PHARMA: Reprieve for Amgen looking doubtful

In a story titled somewhat cryptically Medicare chief stands by anemia move (do they mean he’s trying to become anemic?) Reuters reports that CMS is not backing down from its decision to radically cut payments for anti-anemia drugs for chemotherapy patients. In English this means that Amgen’s Arenesp (& Epogen, though that’s not officially for cancer patients) and J&J’s Procit (which is Epogen re-marketed by J&J) are not going to recover their lost sales from last year.  Those sales began to be lost when studies revealed that the fairly rampant use of those drugs was overuse, and also that they were causing some severe side-effects.

Of course for reasons that we all know (e.g. they have little to do with clinical endpoints and more to do with financial ones), community oncologists have flipped out. I do like the response from Dr. Barry Straube, the chief medical officer at CMS. He said:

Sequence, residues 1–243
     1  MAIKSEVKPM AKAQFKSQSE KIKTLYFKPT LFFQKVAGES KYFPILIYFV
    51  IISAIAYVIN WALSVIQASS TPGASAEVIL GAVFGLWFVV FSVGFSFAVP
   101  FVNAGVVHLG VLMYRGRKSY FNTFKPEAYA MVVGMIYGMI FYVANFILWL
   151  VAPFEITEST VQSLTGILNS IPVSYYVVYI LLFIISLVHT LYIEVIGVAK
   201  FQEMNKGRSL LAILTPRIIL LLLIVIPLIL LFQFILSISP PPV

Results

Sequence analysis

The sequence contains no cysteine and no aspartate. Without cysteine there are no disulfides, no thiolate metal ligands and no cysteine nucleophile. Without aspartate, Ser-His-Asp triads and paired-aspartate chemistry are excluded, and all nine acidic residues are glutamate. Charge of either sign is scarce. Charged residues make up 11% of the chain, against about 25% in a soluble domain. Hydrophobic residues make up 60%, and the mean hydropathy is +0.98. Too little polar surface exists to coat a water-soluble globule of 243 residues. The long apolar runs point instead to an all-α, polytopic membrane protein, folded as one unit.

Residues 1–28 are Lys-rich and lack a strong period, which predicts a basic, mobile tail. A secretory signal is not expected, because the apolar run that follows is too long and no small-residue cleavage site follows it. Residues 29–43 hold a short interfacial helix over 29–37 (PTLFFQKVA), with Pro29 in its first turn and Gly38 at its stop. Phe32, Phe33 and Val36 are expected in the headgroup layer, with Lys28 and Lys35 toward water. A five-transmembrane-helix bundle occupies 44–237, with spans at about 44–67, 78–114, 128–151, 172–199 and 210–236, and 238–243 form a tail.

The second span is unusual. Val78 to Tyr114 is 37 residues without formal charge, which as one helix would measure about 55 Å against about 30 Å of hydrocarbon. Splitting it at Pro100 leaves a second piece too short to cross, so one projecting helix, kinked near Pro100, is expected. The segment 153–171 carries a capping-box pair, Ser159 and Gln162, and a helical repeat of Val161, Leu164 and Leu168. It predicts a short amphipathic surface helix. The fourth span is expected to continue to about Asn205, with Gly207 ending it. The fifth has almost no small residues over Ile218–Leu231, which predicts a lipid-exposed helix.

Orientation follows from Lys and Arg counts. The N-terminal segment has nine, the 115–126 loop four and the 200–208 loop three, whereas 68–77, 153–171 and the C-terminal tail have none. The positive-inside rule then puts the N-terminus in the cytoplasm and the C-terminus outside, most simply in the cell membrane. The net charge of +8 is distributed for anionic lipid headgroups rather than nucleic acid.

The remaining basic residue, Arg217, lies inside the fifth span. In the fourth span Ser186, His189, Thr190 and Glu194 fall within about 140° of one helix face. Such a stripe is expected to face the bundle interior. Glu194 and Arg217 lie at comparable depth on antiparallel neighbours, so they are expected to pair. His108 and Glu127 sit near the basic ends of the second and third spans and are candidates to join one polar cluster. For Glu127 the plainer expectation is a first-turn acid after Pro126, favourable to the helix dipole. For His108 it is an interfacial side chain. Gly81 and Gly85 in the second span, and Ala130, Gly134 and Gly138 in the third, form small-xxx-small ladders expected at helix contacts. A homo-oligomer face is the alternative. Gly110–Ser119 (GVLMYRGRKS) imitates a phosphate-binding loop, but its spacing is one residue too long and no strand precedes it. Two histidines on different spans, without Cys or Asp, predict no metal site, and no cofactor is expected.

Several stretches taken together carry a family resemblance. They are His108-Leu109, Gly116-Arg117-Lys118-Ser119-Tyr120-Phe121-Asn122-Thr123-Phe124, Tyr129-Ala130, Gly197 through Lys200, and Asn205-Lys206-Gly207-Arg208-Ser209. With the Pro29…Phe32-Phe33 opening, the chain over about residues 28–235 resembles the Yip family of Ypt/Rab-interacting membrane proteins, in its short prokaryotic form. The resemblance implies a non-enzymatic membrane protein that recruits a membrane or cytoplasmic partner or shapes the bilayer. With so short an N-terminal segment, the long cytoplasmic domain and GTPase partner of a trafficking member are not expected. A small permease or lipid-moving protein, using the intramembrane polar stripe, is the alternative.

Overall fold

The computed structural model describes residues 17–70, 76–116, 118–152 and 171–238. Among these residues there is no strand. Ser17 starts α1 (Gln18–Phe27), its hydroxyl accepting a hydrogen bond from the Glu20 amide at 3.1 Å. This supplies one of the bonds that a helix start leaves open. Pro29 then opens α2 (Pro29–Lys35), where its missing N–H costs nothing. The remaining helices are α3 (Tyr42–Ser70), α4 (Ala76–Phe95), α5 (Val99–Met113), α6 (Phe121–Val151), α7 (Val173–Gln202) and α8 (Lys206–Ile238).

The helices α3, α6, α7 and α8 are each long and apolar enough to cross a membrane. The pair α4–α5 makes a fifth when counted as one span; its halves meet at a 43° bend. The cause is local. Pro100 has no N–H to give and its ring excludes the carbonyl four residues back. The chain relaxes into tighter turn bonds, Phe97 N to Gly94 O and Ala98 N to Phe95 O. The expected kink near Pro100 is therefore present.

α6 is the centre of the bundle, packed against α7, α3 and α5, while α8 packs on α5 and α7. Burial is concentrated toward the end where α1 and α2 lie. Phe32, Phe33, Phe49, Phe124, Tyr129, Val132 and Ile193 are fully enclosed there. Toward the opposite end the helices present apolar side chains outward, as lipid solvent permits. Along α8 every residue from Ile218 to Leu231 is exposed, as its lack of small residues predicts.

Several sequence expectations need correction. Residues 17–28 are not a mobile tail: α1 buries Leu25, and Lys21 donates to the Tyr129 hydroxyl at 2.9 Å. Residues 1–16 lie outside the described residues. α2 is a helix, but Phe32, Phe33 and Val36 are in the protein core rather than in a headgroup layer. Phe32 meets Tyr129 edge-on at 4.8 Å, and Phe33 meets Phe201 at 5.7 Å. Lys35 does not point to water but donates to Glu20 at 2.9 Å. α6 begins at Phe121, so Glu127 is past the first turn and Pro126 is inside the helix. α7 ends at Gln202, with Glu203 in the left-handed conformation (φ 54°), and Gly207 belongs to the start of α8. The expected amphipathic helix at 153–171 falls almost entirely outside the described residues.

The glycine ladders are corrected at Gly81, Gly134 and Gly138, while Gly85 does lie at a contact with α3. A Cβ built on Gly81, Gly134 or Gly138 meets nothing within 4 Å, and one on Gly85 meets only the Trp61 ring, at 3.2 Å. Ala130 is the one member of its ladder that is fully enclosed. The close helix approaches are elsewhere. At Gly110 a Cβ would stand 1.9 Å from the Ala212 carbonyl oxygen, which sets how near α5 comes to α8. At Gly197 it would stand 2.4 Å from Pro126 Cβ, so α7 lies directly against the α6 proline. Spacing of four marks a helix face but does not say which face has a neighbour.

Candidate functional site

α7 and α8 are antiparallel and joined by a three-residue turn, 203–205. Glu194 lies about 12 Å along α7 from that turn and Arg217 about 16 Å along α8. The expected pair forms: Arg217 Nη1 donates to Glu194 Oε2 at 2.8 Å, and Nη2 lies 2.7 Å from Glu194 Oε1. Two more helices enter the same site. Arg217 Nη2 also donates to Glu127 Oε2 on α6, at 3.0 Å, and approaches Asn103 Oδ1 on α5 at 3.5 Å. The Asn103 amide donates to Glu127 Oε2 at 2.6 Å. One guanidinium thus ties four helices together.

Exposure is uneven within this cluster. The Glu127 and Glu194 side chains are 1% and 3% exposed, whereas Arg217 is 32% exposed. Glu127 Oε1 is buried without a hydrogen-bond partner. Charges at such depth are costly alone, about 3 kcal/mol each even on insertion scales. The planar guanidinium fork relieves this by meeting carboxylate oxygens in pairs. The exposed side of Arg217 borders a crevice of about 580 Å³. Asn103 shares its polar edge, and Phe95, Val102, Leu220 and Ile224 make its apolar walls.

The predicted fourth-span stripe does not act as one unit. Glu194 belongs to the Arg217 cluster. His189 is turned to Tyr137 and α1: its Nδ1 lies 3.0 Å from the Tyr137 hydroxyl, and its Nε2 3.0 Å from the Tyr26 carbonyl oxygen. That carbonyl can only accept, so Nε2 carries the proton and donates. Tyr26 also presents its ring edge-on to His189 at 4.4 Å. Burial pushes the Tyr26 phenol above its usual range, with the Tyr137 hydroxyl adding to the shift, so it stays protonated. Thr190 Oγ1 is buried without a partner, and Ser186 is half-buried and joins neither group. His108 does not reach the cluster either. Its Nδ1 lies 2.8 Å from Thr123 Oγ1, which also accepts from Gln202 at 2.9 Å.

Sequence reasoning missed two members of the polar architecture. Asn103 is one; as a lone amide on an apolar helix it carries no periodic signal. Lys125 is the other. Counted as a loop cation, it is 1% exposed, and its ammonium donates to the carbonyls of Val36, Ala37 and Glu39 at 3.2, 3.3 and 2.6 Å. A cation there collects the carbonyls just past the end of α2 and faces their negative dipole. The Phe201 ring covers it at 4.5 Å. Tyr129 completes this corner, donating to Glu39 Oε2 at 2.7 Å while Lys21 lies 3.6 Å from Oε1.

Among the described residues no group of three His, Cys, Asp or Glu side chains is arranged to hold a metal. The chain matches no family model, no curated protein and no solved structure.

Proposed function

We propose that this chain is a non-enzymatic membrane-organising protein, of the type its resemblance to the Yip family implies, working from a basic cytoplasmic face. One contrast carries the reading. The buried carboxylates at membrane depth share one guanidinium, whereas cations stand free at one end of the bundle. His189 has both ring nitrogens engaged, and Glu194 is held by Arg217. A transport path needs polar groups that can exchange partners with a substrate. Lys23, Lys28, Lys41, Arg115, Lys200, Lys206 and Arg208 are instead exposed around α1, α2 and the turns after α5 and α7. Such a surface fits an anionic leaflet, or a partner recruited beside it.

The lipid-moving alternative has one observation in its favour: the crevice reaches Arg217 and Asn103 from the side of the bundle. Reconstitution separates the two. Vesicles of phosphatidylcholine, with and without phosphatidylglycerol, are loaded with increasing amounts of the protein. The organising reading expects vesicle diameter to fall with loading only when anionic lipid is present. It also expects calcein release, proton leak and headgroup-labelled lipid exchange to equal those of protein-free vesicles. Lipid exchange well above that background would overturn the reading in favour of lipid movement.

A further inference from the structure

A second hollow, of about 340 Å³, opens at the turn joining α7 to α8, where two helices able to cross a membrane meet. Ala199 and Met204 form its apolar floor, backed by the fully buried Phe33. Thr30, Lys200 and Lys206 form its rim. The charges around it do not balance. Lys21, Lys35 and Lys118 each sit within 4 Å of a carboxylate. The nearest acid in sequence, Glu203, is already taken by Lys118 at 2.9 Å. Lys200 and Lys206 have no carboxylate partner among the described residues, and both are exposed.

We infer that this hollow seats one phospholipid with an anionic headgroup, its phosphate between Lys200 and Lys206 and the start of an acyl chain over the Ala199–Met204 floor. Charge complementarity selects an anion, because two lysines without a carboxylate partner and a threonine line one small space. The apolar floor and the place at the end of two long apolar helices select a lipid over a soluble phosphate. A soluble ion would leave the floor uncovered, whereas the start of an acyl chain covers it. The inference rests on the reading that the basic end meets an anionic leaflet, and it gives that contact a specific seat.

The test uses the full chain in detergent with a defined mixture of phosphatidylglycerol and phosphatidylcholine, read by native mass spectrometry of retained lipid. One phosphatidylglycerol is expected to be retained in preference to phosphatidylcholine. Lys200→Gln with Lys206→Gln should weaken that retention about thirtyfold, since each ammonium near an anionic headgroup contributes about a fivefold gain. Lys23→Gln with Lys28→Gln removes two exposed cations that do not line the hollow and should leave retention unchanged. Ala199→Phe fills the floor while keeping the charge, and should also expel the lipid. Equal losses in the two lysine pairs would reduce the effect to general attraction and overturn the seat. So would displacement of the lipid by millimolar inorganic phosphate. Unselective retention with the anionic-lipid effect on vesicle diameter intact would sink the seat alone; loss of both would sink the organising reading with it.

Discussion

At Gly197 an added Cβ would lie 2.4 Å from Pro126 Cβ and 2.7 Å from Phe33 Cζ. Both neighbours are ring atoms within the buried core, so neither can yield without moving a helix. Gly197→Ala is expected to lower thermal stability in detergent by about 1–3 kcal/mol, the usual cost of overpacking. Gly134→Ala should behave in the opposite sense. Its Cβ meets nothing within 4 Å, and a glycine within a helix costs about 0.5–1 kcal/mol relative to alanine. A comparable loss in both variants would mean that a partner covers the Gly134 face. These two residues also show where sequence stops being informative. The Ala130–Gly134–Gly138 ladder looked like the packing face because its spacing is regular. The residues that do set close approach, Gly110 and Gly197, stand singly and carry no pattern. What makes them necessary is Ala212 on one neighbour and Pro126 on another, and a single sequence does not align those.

Our staff looked at over 800 evidenced-based articles published in the literature," he said. "I doubt seriously whether most clinicians read all 800."

Of course the real impact of this was not on patients per se, but on Amgen’s stock price, which has not had the best of years. The little rally late last year was on hopes that CMS would change its mind. I’m afraid that that gravy train looks like it’s over.


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Gregory D. Pawelski
Gregory D. Pawelski

What do we do about the anemia drug controversy? Most doctors and patients would agree the drugs are very helpful for patients when used to correct “severe” anemia, which can be debilitating and even life-threatening. The drugs reduce the need for somewhat risky blood transfusions and can give patients more energy and improve their quality of life. ”These are drugs that were presumed to be entirely safe, given for supportive care and to improve quality of life,” not to actually treat cancer, said Dr. Eric Winer, director of breast oncology center at the Dana-Farber Cancer Institute in Boston. ”So any… Read more »